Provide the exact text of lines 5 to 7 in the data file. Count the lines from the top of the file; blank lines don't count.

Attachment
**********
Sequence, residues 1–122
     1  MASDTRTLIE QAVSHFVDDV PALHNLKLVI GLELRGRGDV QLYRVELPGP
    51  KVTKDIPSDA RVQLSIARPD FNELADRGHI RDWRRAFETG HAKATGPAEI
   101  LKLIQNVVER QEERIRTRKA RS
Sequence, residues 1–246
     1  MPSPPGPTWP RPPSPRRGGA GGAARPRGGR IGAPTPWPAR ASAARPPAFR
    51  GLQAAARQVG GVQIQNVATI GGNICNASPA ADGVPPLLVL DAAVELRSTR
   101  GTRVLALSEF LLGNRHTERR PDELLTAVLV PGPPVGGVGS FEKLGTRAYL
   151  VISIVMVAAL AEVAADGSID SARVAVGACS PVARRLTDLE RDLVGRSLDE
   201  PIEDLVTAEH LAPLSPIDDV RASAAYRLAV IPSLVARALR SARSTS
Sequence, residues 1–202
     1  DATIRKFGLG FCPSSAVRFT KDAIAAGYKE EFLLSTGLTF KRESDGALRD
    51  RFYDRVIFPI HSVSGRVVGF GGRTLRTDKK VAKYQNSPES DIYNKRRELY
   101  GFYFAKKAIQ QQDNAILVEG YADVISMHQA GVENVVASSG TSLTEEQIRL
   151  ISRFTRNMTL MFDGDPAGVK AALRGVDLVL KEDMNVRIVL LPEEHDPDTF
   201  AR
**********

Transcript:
Sequence, residues 1–246
     1  MPSPPGPTWP RPPSPRRGGA GGAARPRGGR IGAPTPWPAR ASAARPPAFR
    51  GLQAAARQVG GVQIQNVATI GGNICNASPA ADGVPPLLVL DAAVELRSTR